Favourite film adaptations
I thought it might be a bit of fun to list my top ten favourite film adaptations of books I’ve read. Until I sat down to compile the list and realised it’s not that easy because either the films haven’t measured up to the books, or I’ve enjoyed a film but not (yet) read the book upon which it’s based.
The other problem is that I have read a lot of books and watched a lot of films. I’m at that age where my mind refuses to hold onto names that leave no lasting impression on it. That being so, there might have been better film adaptations I’ve seen than some that make it onto the list, but that I’ve simply forgotten about. In fact, it’s quite likely.
Anyway, to the best of my knowledge, here follows in no particular order (I struggled to compile a list of ten, let alone having to rank them in order) my top ten film adaptations of books I’ve read.
The Lord of the Rings
One of my favourite books; one of my favourite adaptations— see From Page to Screen – Part 2 where I explain why.
One Flew Over the Cuckoo’s Nest
I can’t imagine anyone more suited to the lead role of Randle McMurphy than Jack Nicholson in his pomp. Add a breathtaking performance by Louise Fletcher as his nemesis Nurse Ratched and it makes for a superb film, at times hilarious, at others heartbreakingly sad.
The 39 Steps
There have been many film and television adaptations of John Buchan’s adventure novel involving spy rings, military secrets and a man on the run. My favourite by far is the 1935 Hitchcock version, starring Robert Donat as the novel’s hero Richard Hannay. It is only loosely based upon the novel but, for me, improves upon the book with its ending.
Also mentioned in ‘From Page to Screen – Part 2’, linked above, this is one of those rare films that takes all that is good from the source material and improves upon it.
The Da Vinci Code
I’m not a fan of Dan Brown’s writing style, yet I’ve read most of his books and will continue to do so because he tells a ripping yarn. The underlying concept behind this novel blew me away and I thought they did a pretty good job with the film version. Any film featuring Tom Hanks, Paul Bettany and Audrey Tautou (not to mention Ian McKellen and Alfred Molina) ought to be decent, and this one doesn’t disappoint.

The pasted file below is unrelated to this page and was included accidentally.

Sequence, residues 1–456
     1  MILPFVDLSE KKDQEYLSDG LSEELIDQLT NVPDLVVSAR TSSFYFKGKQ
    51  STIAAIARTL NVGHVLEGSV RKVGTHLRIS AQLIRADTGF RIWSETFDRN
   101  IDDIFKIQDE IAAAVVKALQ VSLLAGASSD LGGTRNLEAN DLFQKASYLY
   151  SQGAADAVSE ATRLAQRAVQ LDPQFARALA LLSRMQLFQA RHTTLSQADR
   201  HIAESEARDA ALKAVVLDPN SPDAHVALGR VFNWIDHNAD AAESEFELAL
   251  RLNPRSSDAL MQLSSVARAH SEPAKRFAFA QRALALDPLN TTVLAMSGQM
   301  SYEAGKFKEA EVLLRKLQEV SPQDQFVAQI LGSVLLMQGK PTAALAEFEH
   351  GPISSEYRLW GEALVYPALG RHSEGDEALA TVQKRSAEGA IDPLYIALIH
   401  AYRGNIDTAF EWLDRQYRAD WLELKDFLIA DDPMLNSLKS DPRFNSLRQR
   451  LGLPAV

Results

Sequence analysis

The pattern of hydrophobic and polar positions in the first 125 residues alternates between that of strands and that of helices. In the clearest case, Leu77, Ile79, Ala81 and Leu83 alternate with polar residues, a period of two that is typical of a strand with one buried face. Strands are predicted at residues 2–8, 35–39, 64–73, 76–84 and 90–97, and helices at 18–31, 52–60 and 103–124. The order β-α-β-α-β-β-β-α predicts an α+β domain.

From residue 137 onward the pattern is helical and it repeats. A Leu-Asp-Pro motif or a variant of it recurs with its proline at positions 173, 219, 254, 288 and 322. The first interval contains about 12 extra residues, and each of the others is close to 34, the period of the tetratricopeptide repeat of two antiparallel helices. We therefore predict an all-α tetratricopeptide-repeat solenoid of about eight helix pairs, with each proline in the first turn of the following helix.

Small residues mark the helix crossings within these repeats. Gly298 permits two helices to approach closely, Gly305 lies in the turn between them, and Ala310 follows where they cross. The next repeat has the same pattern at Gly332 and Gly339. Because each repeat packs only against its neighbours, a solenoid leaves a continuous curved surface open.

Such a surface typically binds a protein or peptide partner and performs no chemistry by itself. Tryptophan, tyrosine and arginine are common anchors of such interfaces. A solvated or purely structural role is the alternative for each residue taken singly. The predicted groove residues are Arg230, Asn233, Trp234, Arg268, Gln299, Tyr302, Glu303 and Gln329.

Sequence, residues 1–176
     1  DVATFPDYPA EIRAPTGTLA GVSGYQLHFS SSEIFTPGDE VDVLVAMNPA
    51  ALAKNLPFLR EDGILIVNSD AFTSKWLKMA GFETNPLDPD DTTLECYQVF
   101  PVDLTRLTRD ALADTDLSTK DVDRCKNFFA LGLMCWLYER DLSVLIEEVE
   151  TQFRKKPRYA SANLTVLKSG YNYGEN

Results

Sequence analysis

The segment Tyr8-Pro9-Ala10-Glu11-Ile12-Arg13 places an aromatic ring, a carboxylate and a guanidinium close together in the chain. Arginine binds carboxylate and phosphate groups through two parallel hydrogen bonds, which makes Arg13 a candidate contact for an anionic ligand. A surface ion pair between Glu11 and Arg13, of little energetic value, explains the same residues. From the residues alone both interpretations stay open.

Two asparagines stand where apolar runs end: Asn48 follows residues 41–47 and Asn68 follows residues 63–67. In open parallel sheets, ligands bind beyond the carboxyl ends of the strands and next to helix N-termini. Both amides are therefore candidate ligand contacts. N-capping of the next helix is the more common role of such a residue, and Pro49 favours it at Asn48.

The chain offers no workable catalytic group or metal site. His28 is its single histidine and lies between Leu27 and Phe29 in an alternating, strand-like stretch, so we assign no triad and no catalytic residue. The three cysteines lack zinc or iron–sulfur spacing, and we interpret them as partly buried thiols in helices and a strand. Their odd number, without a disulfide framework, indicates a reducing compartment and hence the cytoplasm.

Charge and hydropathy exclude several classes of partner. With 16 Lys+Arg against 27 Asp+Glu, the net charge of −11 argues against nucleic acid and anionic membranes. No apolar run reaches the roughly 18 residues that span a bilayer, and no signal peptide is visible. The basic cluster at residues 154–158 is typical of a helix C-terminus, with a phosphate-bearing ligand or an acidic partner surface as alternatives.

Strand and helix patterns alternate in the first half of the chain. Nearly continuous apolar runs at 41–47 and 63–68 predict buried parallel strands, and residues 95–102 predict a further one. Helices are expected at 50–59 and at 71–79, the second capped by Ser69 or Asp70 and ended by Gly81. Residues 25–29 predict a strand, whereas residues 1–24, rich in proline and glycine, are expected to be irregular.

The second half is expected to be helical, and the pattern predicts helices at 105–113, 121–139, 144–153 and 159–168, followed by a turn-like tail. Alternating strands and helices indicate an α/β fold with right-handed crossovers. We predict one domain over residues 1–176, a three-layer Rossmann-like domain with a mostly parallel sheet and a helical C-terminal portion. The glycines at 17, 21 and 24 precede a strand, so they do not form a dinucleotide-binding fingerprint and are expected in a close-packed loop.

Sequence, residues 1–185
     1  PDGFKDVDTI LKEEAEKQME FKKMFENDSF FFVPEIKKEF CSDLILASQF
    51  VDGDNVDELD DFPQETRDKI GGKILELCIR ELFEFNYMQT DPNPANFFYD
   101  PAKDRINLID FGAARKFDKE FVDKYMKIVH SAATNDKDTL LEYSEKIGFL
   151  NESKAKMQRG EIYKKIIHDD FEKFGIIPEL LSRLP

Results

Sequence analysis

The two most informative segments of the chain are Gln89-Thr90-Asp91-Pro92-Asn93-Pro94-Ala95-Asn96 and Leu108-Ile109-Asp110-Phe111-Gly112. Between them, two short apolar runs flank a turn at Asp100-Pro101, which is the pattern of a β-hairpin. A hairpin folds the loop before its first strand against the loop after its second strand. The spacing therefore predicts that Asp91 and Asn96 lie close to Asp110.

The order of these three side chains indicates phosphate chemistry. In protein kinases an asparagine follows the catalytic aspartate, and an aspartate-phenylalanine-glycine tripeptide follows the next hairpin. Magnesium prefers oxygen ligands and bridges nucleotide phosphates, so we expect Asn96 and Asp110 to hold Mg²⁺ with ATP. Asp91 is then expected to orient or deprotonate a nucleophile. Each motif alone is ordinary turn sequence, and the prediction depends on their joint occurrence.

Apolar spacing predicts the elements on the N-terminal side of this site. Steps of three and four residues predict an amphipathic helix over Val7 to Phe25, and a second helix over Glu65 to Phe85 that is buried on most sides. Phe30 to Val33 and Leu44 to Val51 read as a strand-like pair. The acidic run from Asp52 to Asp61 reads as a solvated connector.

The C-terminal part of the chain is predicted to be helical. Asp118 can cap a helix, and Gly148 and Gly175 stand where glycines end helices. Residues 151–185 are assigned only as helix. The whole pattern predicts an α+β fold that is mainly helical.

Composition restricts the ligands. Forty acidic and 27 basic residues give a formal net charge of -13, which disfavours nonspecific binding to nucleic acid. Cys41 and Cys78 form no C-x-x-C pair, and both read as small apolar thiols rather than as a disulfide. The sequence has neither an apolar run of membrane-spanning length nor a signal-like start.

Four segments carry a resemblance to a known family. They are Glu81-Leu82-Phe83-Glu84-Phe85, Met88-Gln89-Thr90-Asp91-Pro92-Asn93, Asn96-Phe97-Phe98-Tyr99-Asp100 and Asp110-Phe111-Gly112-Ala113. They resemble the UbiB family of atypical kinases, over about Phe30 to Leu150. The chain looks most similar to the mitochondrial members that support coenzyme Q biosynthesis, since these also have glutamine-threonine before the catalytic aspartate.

The novel is up there, for me, with Robert Heinlein’s finest. The film version, although not originally even based on the book, does a great job of satirising the aspects, such as militarism and fascism, for which the novel came in for criticism. I thought both the novel and film were a great deal of escapist fun.
Stand By Me
This adaptation of Stephen King’s novella, The Body, just shades The Shawshank Redemption and The Green Mile as my favourite King adaptation. See From Page to Screen – Part 1 for more on this.
One of my favourite post-apocalyptic books. Unremittingly bleak and brutal, I couldn’t put it down. I sat to watch the film version with a little apprehension, but the film was as bleak and brutal, and as good, as the book. It’s also the first film I’ve seen starring Viggo Mortensen where I didn’t keep thinking about Aragorn.
The novel is a beguiling mixture of absurdism and grittiness, and I wondered how it could translate to the screen. Well, the 1970 film worked for me. What really made it was the casting of Alan Arkin as the central character John Yossarian. I watched the recent television serial adaptation, which was also a worthy effort, but couldn’t help comparing the actor who played Yossarian unfavourably with Arkin.
Day of the Jackal
The tension in the novel is superbly crafted and I doubted it could be reproduced on screen. How wrong I was. The film version, with Edward Fox in the title role, is as suspenseful as the book. They are both excellent.
Till next time…